National security with human rights | Sunday Observer

National security with human rights

Can a society wield tough powers to forcefully control and manage human misbehaviour and social disruption but prevent the innocent from falling victim to those powers? And how can those wielding such power be constrained from abusing coercive laws and mechanisms to unduly exploit their position of authority or undemocratically prolong their hold on power?

Last week, Sri Lanka received both, accolades as well as some criticism for the state of human rights in the country by a visiting team from the United Nations. The 3-member team from the UN Human Rights Council’s Working Group on Arbitrary Detention that ended their study visit last week issued an interim report in Colombo before departure. The three officials are members of the five-member Working Group of experts appointed by the UN to monitor detention issues globally.

The UN experts praised the Government for its efforts, since coming to power, to restore law enforcement practices and procedures that safeguard the human rights of people subjected to enforcement of national security and emergency laws. While recognising the new respect for fundamental rights being paid by security and law enforcement agencies, the UN experts also appreciated the new compliance by Sri Lanka of various international standards pertaining to law enforcement and national security action.

The expert team also appreciated the very recent decision by Sri Lanka to sign up to the international redress mechanism under the global convention on torture. At the same time, the UN team highlighted what it said was the lack of progress in improving conditions of arbitrary detention as well as in limiting the powers of arbitrary detention.

One of the areas of rank abuse of power by politicians in governmental power is in the enforcement of national security laws and ‘emergency’ powers. In Sri Lanka, such abuse has seen disturbing costs in human terms: people detained unjustly and in unhealthy conditions, people ‘disappearing’ after detention, people tortured while in detention or mysteriously dying in custody and, people detained for long periods without trial.

Citizens old enough to remember, may recall a few early decades of post-colonial nationhood largely devoid of such injustice and human cruelty. But post-colonial social ills soon overtook that early exhilaration of breaking out of colonial domination and exploitation.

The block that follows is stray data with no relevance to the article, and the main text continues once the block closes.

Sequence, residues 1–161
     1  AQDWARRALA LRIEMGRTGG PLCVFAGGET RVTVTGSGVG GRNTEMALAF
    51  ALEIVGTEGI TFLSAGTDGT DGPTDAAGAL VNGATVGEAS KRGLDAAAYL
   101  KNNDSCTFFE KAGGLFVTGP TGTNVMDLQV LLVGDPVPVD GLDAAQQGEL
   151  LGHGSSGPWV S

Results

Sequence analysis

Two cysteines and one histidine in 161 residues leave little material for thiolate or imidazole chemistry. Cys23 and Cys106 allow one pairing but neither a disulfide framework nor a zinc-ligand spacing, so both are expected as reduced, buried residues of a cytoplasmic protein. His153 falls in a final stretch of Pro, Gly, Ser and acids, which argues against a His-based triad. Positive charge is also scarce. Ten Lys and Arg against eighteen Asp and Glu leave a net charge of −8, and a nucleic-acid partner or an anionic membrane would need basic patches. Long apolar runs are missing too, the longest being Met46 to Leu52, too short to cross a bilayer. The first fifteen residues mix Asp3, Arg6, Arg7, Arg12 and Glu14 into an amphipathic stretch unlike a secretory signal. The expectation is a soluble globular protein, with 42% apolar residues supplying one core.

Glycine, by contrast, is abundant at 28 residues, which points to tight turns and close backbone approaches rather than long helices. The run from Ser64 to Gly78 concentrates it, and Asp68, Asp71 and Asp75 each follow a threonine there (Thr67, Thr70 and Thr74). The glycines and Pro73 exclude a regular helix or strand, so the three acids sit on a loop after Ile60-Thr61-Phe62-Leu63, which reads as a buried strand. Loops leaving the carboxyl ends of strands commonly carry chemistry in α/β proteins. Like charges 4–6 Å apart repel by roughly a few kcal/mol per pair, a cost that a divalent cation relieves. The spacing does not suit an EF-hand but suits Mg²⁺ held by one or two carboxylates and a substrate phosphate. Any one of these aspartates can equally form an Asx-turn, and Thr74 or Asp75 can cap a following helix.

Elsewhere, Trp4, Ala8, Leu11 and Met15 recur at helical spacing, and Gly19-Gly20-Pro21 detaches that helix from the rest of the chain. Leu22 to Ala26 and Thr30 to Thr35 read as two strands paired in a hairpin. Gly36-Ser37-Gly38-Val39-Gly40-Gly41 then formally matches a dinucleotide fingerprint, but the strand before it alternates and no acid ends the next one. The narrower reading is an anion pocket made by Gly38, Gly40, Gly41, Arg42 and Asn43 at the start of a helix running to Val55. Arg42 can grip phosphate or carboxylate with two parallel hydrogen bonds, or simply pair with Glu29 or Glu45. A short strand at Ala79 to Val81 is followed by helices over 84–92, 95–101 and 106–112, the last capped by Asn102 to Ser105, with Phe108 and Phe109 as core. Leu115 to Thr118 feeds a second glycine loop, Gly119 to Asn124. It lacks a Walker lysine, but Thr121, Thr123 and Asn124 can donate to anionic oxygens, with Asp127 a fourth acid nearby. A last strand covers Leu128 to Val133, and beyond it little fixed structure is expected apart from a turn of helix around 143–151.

Politicians and political parties in power soon resorted to the toughest laws available in their attempts to manage or control the fall-out from these social problems, the chief being rural poverty and painful inequality among social groups, especially, between ethnic communities.

And when the original powers to ensure public security were seen as inadequate, governments under pressure, added on more powers. Over the years, as security conditions worsened with successive insurgencies threatening the state and public order, new laws and mechanisms were brought in, that enhanced the arbitrary powers that are wielded by the authorities in situations of instability and national insecurity. After all, not very many newly emerging and yet developing nations have had to face countrywide insurgencies that both threatened to overthrow the state as well as bifurcate the territorial integrity of that state.

When a government declares a ‘state of emergency’ in the country, that is done ostensibly for the purpose of ensuring the security of the public to the fullest in a situation where there is an extraordinary threat to that security. Since inception as a modern nation after colonial rule, successive governments have invoked the Public Security Ordinance - which provides for these ‘emergency’ powers – to meet contingencies.

However, there has also been a persistent tendency by governments as well as individual politicians in power to abuse these national security powers. Successive regimes are under suspicion over the incidence of abductions, disappearances, arbitrary detentions and torture while in custody. Sadly, not a single regime can claim credit for either ending such occurrences.

This government, more than any other previous regime, has managed to achieve certain standards on some issues and has managed to win recognition by the international community for these achievements. Certainly, disappearances do not occur, although there have been instances of suspected political assaults and even killings.

Given the long periods of violations of human rights standards, including the abuse of powers such as the power of detention, there is much more to be done. With many laws enabling various forms of arbitrary detention, the government has work to do to revise laws and procedures, instil new procedures and compliance mechanisms, and take other action to reverse the national trend firmly away from repression and authoritarianism.

The challenge is not the mere reduction of these extraordinary powers designed for extraordinary situations. Rather, it is the need for a finer balance between possessing the necessary teeth to ensure public security while, at the same time, preventing those powers being abused by those in government, the security agencies and the bureaucracy.

After all, even if the immediate threat of insurgency no longer exists, new forms of insurgency are emerging across the globe that have demonstrated immense cross-border potential. And ethnic conflict remains a potential threat.

Across the world, nations are beginning to reform security laws to meet the new threats to social order and public safety. But strict controls on the use of such powers are essential since every society has experienced the large scale abuse of power at much human cost. Sri Lanka, also having experienced such abuses, can only heed to the promptings of experts and concerned groups both local and international.